A welfare reform waiver proposed by the Obama administration that would allow states more flexibility in employment programs tied to Temporary Assistance for Needy Families (TANF) has come under fire from conservative institutions and congressional Republicans since it was introduced last week. Utah Sen. Orrin Hatch (R) has led the charge against the policy, and in a fiery floor speech Monday, he accused the Obama’s administration of wanting to “undo welfare reform” with the “stroke of a pen”:
HATCH: In essence, by the stroke of a pen, and against the clear intent of bipartisan majorities of the American people, Congress and the law itself, President Obama’s administration has attempted to undo welfare reform, one of the signature bipartisan policy achievements of the last 20 years. […] This landmark legislation, the product of a Republican-controlled Congress, ended an entitlement to welfare and replaced it with a block grant to the states. The block grant known as the Temporary Assistance to Needy Families, or TANF, provided states with unprecedented control over welfare programs in exchange for meeting federal work standards.
But the changes sought by the administration seem similar to the program Hatch described in his rant. The administration’s waivers would give even more of the “unprecedented control” Hatch cites to state governments, a type of reform usually supported by Republicans. And though it waives certain federal requirements, the states will still have to meet federal standards (and establish their own benchmarks) under the waiver program.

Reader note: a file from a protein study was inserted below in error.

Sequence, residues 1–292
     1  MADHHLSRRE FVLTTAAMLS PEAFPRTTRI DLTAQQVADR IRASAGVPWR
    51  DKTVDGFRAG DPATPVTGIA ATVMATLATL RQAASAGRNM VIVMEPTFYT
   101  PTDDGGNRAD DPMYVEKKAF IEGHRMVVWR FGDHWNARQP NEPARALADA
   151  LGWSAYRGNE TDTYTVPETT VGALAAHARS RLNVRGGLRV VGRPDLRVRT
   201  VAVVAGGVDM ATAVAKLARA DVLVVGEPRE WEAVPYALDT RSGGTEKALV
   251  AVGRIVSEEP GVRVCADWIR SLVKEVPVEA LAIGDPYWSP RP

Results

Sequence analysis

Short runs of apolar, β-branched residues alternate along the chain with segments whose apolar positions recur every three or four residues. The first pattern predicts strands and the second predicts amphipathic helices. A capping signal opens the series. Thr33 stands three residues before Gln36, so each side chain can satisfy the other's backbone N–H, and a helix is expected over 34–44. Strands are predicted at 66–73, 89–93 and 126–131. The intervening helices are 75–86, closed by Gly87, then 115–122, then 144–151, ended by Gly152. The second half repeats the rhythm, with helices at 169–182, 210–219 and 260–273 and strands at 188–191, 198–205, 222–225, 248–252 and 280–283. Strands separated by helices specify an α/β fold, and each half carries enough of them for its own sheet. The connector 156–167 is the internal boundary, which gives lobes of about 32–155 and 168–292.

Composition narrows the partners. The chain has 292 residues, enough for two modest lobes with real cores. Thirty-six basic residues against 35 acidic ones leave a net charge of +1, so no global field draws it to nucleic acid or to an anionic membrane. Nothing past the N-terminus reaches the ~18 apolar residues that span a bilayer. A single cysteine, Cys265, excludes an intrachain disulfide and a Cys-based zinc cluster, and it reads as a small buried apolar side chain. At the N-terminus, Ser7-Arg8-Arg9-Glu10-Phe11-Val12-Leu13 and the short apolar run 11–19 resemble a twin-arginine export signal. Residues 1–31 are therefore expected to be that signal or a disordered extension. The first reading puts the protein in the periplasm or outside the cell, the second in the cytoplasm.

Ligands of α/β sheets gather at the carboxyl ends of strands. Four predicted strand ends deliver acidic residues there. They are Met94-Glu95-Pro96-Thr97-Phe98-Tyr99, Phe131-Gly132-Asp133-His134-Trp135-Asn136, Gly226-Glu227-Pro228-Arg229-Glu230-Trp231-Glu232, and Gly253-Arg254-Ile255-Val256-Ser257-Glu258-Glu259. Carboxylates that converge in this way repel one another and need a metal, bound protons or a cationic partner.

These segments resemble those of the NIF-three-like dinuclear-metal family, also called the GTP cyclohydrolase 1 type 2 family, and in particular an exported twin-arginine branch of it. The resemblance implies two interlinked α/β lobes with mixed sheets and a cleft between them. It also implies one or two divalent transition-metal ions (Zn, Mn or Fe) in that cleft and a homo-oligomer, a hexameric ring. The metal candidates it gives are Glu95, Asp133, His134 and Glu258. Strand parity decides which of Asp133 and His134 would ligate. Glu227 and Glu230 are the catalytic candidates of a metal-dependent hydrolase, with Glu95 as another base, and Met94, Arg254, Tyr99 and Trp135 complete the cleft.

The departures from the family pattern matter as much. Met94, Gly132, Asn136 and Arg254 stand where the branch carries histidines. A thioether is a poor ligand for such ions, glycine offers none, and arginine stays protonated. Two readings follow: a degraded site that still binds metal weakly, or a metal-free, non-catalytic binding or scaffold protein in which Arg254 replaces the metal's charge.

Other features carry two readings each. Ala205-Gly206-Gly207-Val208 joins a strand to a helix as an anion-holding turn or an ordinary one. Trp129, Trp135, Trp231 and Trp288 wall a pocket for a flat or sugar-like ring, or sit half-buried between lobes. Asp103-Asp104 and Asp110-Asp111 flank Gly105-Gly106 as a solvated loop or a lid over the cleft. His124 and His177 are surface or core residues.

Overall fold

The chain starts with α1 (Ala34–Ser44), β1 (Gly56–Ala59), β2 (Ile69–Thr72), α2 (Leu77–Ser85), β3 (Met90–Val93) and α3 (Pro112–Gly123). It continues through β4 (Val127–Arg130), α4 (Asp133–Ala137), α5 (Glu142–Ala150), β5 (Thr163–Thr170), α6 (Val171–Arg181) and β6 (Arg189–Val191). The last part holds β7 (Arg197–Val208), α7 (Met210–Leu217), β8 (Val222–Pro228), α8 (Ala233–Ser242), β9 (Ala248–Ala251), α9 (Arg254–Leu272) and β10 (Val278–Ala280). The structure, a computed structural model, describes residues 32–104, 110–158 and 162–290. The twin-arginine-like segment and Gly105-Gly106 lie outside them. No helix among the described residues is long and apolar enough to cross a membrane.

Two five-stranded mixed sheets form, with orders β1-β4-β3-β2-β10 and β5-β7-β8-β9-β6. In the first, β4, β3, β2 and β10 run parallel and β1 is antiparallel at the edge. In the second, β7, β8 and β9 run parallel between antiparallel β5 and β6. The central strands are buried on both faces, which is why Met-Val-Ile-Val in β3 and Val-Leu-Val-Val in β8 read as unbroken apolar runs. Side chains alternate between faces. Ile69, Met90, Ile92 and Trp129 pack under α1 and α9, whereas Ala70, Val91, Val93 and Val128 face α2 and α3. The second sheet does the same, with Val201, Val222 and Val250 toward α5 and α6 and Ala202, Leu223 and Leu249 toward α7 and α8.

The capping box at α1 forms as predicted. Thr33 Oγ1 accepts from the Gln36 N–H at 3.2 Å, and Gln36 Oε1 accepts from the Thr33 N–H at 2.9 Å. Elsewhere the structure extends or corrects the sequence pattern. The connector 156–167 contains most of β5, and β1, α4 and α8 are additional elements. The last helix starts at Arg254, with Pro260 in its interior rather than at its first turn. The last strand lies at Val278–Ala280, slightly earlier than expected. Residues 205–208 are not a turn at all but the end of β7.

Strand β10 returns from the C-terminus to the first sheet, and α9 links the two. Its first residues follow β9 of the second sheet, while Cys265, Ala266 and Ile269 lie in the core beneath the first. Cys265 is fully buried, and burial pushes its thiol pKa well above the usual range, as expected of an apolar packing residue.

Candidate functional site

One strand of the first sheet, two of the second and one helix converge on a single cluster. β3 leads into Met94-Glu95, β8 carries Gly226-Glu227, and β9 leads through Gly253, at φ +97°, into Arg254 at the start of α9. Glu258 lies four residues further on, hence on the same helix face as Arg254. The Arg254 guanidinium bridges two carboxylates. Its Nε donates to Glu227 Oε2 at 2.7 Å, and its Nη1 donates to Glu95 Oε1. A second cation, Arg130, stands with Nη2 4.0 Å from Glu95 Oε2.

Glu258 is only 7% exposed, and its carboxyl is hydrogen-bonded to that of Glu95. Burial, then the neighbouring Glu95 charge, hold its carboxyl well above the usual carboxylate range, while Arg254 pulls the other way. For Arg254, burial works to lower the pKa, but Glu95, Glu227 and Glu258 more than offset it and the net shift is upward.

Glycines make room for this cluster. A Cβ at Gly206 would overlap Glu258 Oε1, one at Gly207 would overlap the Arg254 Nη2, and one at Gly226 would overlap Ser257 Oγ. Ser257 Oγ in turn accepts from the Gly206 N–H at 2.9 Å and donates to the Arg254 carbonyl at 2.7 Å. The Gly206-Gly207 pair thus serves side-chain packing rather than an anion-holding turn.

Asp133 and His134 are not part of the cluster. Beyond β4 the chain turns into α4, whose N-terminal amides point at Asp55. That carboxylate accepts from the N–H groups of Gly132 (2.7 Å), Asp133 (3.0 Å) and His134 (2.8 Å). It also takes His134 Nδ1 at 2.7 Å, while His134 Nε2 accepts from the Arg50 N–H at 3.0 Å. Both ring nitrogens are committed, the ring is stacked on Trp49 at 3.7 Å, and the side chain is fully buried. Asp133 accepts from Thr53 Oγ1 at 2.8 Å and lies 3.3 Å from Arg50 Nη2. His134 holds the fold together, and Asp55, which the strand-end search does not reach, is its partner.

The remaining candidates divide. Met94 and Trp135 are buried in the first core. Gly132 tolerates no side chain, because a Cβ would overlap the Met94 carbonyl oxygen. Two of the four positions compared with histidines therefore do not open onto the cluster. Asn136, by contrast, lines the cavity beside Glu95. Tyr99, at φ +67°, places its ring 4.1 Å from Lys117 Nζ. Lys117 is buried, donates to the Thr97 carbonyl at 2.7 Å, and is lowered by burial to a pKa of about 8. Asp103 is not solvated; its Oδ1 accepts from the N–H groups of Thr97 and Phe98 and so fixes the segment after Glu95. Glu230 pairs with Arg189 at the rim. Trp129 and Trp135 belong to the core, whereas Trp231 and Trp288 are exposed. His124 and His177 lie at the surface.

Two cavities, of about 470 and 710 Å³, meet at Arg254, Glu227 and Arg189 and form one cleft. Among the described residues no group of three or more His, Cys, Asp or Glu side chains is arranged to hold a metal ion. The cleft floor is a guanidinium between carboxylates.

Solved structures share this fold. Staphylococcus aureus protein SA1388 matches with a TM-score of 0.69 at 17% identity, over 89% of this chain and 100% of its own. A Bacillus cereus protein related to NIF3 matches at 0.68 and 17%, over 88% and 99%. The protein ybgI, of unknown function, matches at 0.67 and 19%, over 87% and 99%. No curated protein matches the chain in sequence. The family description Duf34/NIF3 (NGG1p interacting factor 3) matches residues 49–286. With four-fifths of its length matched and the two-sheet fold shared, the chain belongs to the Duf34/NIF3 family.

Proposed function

Further, the reforms hardly “gut” welfare reform or its welfare-to-work requirement. Instead, they aim to improve a program that is woefully inadequate when compared to the federally-controlled welfare program that preceded it.
Though Hatch has a problem with the administration’s plan, other Republicans in his state actually began the push for waivers. Utah, under Republican control, began calling for the waivers in 2011 (along with Nevada, also under Republican control). “Utah is especially interested in the development of waiver authority in the TANF grant,” Utah Gov. Gary Herbert (R) wrote in a letter to HHS after the decision was announced.